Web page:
Living history

Film showcases passion for Native American artifacts.

Living history

Gordon Smith developed a passion for all things Native American while traveling the West with his family. This photo came from home movies dating back to the 1930s.

Living history

Film showcases passion for Native American artifacts.

Back in 1925, a 5-year-old named Gordon Smith went on a family vacation in the American West that included a stop in Glacier National Park. There he met Blackfoot Chief Two-Guns-White-Calf, who gave him a small, rawhide rattle.

It was the beginning of what would become a collection of more than 1,000 Native American artifacts that the Fort Worth native would gather through the years.

The recently renovated Fort Worth Natural Science Museum is displaying his collection along with a documentary produced and directed by Gregory Mansur, a TCU professor of film television and digital media. (FTDM)

“The documentary is his story,” Mansur says. “How he began the collection, his interest in the Native Americans, and why he was made an honorary member of the Lakota Sioux when he was 14 years old. The film functions as not only living history but places the collection into a personal and historical context.”

Ron Watson, chair of the Art Department, introduced Mansur to Gordon, who is also a stained glass artist. Mansur visited Smith’s Fort Worth home and saw his vast Native American art collection.

“It was breathtaking,” he says. “After only a few minutes of meeting and talking with Gordon I realized his story needed to be a film, needed to become a part of his collection. Here was living history — the story of a man who since the age of 5 felt a kinship and connection to the Native Americans.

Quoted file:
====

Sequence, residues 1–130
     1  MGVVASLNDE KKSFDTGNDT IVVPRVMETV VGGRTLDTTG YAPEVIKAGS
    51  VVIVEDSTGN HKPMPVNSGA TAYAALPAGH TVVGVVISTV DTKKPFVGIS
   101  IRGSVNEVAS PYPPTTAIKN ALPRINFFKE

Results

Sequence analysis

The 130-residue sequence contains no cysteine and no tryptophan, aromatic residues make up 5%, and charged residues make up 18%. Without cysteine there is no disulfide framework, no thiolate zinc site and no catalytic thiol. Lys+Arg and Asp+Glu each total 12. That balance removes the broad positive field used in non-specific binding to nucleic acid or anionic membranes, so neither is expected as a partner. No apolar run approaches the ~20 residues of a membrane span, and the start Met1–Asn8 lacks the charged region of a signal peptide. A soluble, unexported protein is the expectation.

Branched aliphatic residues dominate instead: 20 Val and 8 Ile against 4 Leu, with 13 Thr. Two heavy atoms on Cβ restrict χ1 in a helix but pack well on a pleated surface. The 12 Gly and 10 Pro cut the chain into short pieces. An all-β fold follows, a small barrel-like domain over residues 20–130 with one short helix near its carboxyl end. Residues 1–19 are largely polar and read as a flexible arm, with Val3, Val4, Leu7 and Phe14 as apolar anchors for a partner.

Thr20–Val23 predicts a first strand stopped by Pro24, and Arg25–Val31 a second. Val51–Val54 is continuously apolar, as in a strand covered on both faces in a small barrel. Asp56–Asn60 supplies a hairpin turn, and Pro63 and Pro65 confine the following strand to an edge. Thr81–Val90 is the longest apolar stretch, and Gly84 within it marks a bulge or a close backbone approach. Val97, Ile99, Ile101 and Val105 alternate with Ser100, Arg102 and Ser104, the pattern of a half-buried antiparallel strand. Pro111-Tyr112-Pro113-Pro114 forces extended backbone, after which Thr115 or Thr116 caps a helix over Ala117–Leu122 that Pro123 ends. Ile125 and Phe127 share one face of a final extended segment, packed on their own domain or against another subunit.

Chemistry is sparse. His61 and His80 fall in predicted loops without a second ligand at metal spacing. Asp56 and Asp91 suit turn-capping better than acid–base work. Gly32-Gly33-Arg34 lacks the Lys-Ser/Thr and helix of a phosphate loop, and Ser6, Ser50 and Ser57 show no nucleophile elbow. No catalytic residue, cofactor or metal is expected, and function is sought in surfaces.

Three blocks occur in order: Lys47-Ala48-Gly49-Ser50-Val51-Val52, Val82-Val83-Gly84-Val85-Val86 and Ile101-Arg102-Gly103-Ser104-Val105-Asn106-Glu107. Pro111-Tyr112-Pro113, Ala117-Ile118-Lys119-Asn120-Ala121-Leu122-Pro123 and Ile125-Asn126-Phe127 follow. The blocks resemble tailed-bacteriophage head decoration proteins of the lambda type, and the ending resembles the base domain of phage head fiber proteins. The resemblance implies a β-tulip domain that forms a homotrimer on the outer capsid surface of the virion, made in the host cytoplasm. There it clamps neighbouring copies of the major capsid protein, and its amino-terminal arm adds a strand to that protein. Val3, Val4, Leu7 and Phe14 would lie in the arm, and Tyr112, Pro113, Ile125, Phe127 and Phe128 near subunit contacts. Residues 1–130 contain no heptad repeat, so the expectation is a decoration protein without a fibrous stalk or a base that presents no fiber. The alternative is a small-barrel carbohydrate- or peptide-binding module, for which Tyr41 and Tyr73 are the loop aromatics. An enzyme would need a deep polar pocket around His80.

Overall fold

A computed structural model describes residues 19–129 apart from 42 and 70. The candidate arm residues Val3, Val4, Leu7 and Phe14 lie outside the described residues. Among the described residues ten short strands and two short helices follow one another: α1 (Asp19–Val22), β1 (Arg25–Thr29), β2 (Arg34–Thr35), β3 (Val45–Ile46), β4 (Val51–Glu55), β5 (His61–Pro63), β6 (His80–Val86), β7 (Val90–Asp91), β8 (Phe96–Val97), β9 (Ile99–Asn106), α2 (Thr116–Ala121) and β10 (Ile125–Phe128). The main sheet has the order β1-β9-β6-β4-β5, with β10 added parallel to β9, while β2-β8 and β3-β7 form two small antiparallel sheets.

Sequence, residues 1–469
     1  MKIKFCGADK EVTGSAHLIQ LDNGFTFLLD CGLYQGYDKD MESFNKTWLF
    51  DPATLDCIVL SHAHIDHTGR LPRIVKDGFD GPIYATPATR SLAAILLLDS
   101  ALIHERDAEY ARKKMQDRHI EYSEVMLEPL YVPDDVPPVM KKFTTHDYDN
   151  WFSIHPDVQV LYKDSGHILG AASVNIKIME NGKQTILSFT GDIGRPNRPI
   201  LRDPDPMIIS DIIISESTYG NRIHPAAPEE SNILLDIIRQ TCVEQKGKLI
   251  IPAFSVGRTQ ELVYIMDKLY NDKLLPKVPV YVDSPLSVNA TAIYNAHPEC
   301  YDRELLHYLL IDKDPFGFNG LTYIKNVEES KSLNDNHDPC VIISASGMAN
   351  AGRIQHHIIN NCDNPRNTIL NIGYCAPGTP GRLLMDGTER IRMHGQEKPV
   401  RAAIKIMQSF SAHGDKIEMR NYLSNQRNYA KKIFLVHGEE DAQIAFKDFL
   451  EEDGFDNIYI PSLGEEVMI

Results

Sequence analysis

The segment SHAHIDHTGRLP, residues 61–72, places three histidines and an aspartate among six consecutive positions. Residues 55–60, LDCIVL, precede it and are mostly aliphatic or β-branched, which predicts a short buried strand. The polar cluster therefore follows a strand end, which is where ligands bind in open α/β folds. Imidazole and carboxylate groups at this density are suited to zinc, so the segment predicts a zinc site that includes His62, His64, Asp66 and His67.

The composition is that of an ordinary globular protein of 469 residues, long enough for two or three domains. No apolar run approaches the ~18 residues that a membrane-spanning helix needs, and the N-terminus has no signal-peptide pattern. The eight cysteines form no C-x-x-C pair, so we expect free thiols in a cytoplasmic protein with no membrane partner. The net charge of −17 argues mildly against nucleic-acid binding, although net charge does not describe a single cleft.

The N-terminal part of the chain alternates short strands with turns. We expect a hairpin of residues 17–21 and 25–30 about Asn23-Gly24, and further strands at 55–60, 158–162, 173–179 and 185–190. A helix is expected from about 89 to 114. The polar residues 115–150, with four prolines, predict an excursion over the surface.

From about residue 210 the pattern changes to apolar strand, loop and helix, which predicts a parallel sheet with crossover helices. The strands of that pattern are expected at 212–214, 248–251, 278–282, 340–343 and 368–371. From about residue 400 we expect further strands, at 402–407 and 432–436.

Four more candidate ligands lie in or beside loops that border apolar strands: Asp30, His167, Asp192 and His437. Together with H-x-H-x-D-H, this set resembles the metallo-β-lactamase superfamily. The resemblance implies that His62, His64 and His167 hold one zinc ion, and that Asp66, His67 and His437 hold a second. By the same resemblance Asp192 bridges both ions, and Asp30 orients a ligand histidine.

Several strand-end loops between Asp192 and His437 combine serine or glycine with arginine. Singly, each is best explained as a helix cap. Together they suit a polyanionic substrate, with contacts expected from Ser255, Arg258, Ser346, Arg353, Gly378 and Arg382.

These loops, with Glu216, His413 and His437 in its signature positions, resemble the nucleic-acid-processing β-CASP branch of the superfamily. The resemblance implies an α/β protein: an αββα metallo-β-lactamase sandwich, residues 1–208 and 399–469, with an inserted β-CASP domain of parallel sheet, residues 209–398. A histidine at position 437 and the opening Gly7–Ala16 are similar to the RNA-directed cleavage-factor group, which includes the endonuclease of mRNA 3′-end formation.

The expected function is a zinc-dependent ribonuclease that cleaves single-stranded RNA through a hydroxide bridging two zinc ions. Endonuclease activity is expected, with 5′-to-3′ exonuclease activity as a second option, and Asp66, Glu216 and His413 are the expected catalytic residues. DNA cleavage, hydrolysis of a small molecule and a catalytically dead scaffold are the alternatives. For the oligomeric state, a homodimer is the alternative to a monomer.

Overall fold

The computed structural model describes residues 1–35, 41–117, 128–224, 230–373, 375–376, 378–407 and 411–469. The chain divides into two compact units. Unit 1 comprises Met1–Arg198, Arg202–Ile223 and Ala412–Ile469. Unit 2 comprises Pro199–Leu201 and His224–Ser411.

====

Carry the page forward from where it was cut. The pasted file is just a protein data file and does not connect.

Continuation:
“The collection is about art, about spirit, about honoring life and its mysteries. I’m a philosopher at heart, always asking the essential questions about life. Here, through Gordon, was a window into his soul and into the souls of those he knew and honored, and served as a legacy for what many considers sacred objects.“

Mansur spent four years on the eight-minute film, working with Dick Lane, a member of the photography faculty who took photos of each artifact. Mansur also traveled with Smith to Parker County where members of Smith’s family still live and eventually found a treasure trove of 16mm black and white home movies.

“Some of the rolls were so old they crumbled to the touch,” Mansur says. “I sent those to an archival film transfer house in Connecticut that managed to salvage a few minutes of Gordon’s travels. This was the gold all documentary filmmakers hope to find. There wasn’t a lot of footage – about two minutes – but it was enough to bring the story to life.”

Mansur said it was clear from the beginning that Smith’s collection was unique, but he needed a story to connect the artifacts to the man.

“It wasn’t until I received the old archival film footage of Gordon’s travels that I knew what the film was about,” he says. “It was a road trip, the story of a boy and his father, traveling the West during the Dust Bowl and the Great Depression, meeting Indian traders, visiting with Native Americans, and adding to his collection.

“It was also the story of a boy and his father, a man who loved his son and was committed to helping his passion grow,” he says of the film titled “Plains Indians, Texas Pioneers, and the Boy In-Between: Gordon Smith.”

Mansur said he would like to expand the film, adding more about the Native American tribes of the early 20th Century, but that would require additional funding to cover purchasing archival footage, which runs $25 per second.

The film debuted at the Houston Museum of Natural History, which recently acquired Smith’s collection.

Mansur is a founding member of Random Order Entertainment, a group of seven Texas filmmakers committed to creating quality films in Texas, using Texas resources.

He and his wife, Nancy, are working on a pilot TV show to be shot in Texas.

“I can’t tell you too much except to say it explores children in our society, where most of the adults have failed them, but a few dedicated professionals are offering them a chance to create a life of possibility, hope and joy.”

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